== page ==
Proteins- Definition, Properties, Structure, Classification, Functions


Proteins are the most abundant and versatile biological macromolecules, occurring in all living cells and playing a crucial role in many vital processes. Proteins are composed of smaller units called amino acids, which are linked together by peptide bonds to form long chains. The sequence of amino acids in a protein determines its unique shape and function.

There are 20 different kinds of amino acids that can be found in proteins, each with a specific chemical structure and properties. Some amino acids can be synthesized by the body, while others must be obtained from the diet. These are called essential amino acids and they are important for growth and repair.

Proteins have different levels of structural organization, from the primary structure (the linear sequence of amino acids) to the quaternary structure (the interaction of multiple polypeptide chains). The secondary and tertiary structures are formed by various types of interactions between the amino acid residues, such as hydrogen bonds, hydrophobic interactions, electrostatic interactions, and disulfide bonds. These interactions result in different folding patterns, such as alpha-helices, beta-sheets, and loops.

The structure of a protein determines its function, which can be very diverse and specific. Some examples of protein functions are:

  • Enzymes: Proteins that catalyze chemical reactions in the body, such as digestion, metabolism, and synthesis of biomolecules.
  • Structural proteins: Proteins that provide support and shape to cells and tissues, such as collagen, keratin, and elastin.
  • Hormones: Proteins that act as chemical messengers and regulate various physiological processes, such as insulin, growth hormone, and adrenaline.
  • Antibodies: Proteins that recognize and bind to foreign substances (antigens) and help the immune system to fight infections.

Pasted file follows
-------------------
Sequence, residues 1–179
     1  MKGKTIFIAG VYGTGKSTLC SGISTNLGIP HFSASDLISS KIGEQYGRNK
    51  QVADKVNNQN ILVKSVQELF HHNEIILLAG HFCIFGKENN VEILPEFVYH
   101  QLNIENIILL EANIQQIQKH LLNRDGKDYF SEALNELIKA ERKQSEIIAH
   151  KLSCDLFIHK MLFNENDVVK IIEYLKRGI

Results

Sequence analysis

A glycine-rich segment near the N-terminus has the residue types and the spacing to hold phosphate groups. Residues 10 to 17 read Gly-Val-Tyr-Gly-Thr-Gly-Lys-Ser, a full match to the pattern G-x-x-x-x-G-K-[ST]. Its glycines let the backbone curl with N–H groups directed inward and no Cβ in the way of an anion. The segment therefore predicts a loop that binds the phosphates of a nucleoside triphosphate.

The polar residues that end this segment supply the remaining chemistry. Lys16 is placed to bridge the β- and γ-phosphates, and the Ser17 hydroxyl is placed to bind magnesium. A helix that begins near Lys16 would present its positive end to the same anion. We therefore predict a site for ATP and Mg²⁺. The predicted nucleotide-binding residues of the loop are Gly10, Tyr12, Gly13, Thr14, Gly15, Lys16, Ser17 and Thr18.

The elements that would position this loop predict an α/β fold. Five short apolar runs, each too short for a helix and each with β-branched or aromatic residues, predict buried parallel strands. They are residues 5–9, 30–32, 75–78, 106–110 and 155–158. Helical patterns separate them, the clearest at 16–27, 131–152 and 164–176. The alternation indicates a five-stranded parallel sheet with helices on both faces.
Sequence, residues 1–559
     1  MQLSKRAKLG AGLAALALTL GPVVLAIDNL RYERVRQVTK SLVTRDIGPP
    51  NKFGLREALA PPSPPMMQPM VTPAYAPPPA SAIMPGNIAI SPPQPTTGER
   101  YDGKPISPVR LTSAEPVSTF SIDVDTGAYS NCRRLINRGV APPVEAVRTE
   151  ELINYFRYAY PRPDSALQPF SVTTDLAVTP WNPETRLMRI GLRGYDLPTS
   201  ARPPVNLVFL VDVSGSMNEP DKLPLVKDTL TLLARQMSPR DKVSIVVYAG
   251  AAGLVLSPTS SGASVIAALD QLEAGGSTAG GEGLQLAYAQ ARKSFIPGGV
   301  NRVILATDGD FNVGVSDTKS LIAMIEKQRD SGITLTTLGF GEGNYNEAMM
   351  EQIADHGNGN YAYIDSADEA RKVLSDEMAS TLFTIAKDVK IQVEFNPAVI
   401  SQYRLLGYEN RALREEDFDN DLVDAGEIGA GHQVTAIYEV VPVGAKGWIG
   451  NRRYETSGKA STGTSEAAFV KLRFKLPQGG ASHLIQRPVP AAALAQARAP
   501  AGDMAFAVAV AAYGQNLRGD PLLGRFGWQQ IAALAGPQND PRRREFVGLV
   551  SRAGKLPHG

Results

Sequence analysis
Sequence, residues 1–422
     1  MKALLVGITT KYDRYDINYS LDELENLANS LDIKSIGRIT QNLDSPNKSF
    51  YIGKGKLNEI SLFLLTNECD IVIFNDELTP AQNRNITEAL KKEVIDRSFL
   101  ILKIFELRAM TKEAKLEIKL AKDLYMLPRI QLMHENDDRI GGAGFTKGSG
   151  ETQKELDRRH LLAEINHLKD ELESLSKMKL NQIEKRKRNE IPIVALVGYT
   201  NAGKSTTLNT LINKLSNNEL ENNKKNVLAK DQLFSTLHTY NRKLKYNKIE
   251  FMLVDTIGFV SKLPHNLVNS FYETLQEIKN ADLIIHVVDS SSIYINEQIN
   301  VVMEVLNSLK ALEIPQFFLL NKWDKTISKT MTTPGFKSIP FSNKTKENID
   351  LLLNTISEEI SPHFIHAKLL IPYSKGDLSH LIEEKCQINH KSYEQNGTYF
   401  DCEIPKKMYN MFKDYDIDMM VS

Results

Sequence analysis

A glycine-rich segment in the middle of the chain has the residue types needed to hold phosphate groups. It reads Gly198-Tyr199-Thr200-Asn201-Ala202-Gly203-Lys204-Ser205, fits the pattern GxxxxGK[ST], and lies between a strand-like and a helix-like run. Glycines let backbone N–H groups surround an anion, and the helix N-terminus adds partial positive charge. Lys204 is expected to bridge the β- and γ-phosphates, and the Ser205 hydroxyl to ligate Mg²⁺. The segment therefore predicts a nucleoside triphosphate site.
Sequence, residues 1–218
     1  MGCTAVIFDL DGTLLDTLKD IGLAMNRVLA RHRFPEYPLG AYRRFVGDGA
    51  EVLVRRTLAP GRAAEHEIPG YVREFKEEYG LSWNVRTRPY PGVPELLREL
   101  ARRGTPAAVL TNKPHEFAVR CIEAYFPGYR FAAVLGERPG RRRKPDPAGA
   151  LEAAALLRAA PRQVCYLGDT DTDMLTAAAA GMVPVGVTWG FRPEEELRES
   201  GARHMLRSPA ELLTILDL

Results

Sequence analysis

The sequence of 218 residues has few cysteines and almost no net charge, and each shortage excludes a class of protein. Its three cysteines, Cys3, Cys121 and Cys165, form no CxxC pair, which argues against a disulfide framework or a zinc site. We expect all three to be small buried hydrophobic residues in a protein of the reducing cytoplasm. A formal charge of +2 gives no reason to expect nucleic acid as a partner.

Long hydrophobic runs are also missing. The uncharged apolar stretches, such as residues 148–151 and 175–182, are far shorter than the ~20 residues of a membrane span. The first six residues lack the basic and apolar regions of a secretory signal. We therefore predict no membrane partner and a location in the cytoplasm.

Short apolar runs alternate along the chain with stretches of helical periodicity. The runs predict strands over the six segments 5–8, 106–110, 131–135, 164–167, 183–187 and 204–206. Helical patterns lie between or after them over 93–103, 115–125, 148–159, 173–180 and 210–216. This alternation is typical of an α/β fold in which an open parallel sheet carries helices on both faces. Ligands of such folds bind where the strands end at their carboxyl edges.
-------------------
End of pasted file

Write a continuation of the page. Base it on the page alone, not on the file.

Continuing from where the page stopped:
• Transport proteins: Proteins that carry substances across membranes or in the blood, such as hemoglobin, albumin, and glucose transporter.
  • Receptors: Proteins that bind to specific molecules (ligands) and trigger cellular responses, such as nerve impulses, gene expression, and cell growth.
  • Transcription factors: Proteins that bind to DNA and regulate gene expression, such as p53, NF-kB, and STATs.

Proteins are species-specific and organ-specific, meaning that they differ from one species to another and from one organ to another within the same organism. Proteins are also dynamic molecules that can undergo various modifications after their synthesis on the ribosome. These modifications can affect their activity, stability, localization, and interactions with other molecules.

Proteins are essential for life and health, but they can also be involved in diseases when they are defective or dysfunctional. For example, mutations in protein-coding genes can cause genetic disorders such as cystic fibrosis, sickle cell anemia, and Huntington`s disease. Misfolding or aggregation of proteins can cause neurodegenerative diseases such as Alzheimer`s disease, Parkinson`s disease, and prion diseases. Overexpression or underexpression of proteins can cause cancer or autoimmune diseases.

In this article, we will explore the properties, structure, classification, and functions of proteins in more detail. We will also discuss how proteins can be studied using various techniques and tools.